F.  Promiscuous Eminent Domain

Mr. Wickersham did not come down too hard on promiscuous use of the powers of eminent domain when he called it arrogant and observed that these powers are typically given poor oversight in the courts. I would add that it invites corruption, and is an intellectually lazy way of bringing about large changes, carrying along in its train cruelty and waste.

Boston affords a famous example: destruction of the former West End community which became a notorious example of the evils of promiscuous eminent domain, partly because some of the outraged people who observed it wrote about it eloquently, and partly because the community was so beloved by its inhabitants that a sort of phantom, dispersed West End community is alive still, keeping in communication through a “local” newspaper, The West Ender, a publication I find interesting, but also sad. Promiscuous use of eminent domain gave Boston its loutish City Hall and its Central Artery, a mistake so drastic it has fathered the Big Dig.

Of course it isn’t just in Boston that eminent domain powers ran wild. Nor is it only in Boston that they remain a temptation for promoters with big schemes, big egos, little intelligent ingenuity, and less conscience.

[*PG542]G.  Rethinking Regulation

Two characteristics of Toronto’s old downtown were dying: manufacturers had moved out of industrial loft buildings, leaving many vacant, and a general air of morbidity engulfed others. The vacant buildings were good candidates for conversion into loft apartments and living-and-working spaces in the eyes of a number of small developers, but these developers found themselves blocked by existing use zoning. Yet if the zoning were to be changed to permit dwellings, the developers would be blocked by rules applying to apartments, most especially parking requirements. Land coverage was high and parking couldn’t feasibly go underneath these sturdy but old buildings. Under the guidance of our very intelligent mayor at the time, these and almost all other regulatory controls were removed, except for fire and building safety codes. One rule was added: a ban against destruction of buildings, to prevent aesthetic and environmental waste.

You would be amazed at how rapidly those dying districts have come back to life and blossomed. The principle at work here has been the addition of what the previous mixture lacked. It still contains industries that hadn’t left, and new working places have joined them, but now residents have moved in too. The same principle can work in languishing bedroom neighborhoods, where the missing ingredients are working places. In both cases, all existing regulations need rethinking.

H.  Monstrous Hybrids

As Robert Campbell pointed out, community needs for police stations, libraries, parks, and other public facilities can’t be left to private decision-making. Thoughtful placement is a public concern. Current private proposals for the Boston waterfront are weird: a large park in the wrong place; obliteration of a major popular restaurant. The consequence of handing over decisions like these to private developers and backing them up with public powers, is what I’ve called elsewhere (in Systems of Survival) monstrous hybrids.

I.  Re-educating Planners

My purpose in writing The Death and Life of Great American Cities was not to challenge expert culture in general. I did challenge specific kinds of “expertise” that I thought were actually quackery, not being grounded in reality. I was trying to spur these quacks into reforming [*PG543]themselves and was also trying to help protect their victims—both victimized individuals and victimized communities and economies.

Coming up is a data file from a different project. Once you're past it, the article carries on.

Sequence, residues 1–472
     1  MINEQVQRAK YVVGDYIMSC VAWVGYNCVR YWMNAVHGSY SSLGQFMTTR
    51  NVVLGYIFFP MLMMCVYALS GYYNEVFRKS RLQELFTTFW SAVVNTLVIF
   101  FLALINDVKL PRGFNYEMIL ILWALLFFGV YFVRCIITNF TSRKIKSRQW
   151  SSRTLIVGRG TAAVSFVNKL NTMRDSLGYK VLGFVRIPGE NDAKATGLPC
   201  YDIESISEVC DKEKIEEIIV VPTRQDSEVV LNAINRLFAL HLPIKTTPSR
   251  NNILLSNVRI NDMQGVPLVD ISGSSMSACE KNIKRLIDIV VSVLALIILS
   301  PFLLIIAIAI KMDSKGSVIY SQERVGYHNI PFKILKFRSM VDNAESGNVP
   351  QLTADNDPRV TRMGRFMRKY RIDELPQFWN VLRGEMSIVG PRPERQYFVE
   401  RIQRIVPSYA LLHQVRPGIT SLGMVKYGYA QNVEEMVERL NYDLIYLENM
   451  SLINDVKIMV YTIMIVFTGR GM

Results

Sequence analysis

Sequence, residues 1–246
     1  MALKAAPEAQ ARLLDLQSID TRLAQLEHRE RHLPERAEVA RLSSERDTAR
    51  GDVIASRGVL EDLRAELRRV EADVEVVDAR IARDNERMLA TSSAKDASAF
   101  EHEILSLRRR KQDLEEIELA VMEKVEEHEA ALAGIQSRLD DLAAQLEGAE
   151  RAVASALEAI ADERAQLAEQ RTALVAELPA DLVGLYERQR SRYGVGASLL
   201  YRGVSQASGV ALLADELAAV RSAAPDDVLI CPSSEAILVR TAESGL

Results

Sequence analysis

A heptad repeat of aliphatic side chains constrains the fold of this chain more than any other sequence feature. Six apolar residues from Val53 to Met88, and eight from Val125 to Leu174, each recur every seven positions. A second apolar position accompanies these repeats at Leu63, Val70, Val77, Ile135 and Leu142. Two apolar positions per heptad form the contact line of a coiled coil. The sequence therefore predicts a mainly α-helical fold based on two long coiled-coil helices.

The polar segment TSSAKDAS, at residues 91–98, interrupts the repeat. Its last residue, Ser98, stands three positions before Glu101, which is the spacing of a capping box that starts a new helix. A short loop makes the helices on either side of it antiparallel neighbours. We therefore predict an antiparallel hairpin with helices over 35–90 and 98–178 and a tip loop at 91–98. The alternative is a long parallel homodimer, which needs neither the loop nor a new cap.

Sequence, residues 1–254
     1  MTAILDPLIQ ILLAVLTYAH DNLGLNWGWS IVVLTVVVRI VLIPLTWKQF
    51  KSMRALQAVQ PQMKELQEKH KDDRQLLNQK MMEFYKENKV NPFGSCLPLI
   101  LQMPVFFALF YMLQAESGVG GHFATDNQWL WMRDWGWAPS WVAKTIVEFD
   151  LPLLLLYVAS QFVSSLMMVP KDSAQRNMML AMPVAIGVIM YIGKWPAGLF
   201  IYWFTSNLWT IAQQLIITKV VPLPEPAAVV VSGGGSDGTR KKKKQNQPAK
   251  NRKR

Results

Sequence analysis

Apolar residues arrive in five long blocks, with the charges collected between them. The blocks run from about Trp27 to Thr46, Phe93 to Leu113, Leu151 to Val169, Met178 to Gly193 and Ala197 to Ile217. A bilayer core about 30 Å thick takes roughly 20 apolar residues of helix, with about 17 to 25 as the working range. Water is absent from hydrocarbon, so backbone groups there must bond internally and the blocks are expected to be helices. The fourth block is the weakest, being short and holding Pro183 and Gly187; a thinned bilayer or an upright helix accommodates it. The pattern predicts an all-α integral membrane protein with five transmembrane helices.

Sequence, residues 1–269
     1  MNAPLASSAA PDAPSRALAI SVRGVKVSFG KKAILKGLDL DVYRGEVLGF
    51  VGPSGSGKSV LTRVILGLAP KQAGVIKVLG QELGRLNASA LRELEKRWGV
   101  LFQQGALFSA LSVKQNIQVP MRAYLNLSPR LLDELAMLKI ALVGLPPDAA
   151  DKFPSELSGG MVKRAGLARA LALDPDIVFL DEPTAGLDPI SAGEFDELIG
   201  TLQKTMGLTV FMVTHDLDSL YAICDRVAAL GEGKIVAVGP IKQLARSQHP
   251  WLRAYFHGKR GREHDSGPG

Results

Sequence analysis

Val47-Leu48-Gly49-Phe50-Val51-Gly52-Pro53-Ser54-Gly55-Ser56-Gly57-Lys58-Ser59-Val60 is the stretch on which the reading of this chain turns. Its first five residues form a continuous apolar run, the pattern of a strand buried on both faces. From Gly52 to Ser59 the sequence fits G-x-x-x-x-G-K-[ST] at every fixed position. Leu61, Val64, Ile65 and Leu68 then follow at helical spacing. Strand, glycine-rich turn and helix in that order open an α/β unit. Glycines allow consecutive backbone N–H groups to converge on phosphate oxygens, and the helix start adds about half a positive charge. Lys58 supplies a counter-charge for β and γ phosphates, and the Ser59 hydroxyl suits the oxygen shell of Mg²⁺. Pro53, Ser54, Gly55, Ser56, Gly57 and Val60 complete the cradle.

Mainly because of generational change, I think, rather than self-reform by those who had become set in their ways, many planners, architects, and other designers are doing better today. Many cities—although not all—are recovering their pizzazz and becoming attractive and vigorous in ways they weren’t ten or twenty years ago. Scars of terrible mistreatment remain, but there is also healing.

American culture has many serious flaws that it’s foolish to try to load on the shoulders of planners and designers. They can’t be held responsible, for instance, for racism, poor educational systems, ubiquity of guns, and so on.

Yet there are things they could be doing that they still aren’t doing. Years ago, Robert Campbell wrote a splendid newspaper article, describing his splendidly successful street in Cambridge, and analyzing the reasons for its physical attractiveness and communal workability. He pointed out the shocking fact—I think it’s a scandal—that the street’s excellent physical attributes had all become illegal since that street was build. Prescriptions for widths of roads, ground coverage, parking, and much more, made building a good street like his illegal. The still bigger scandal is that pointing this out changed nothing. Building a street with the good qualities of Campbell’s street would still be illegal. If I didn’t know better, I would suppose that city planning staffs were dying to rethink and overhaul the incubus of pointless or destructive municipal, state, and federal planning regulations. But overhaul still doesn’t happen. In the case of Toronto’s dying districts of downtown that were revitalized by radically overhauling the regulations, the mayor’s hardest job was goading and re-educating her own planning department, including the youngish man who then headed it. The overhaul job is badly needed and interesting too, with so much empirical information waiting around to be put to use. Maybe the best bets for taking on this project are bright lawyers who combine a bent for original thinking with a desire to work on behalf of public good.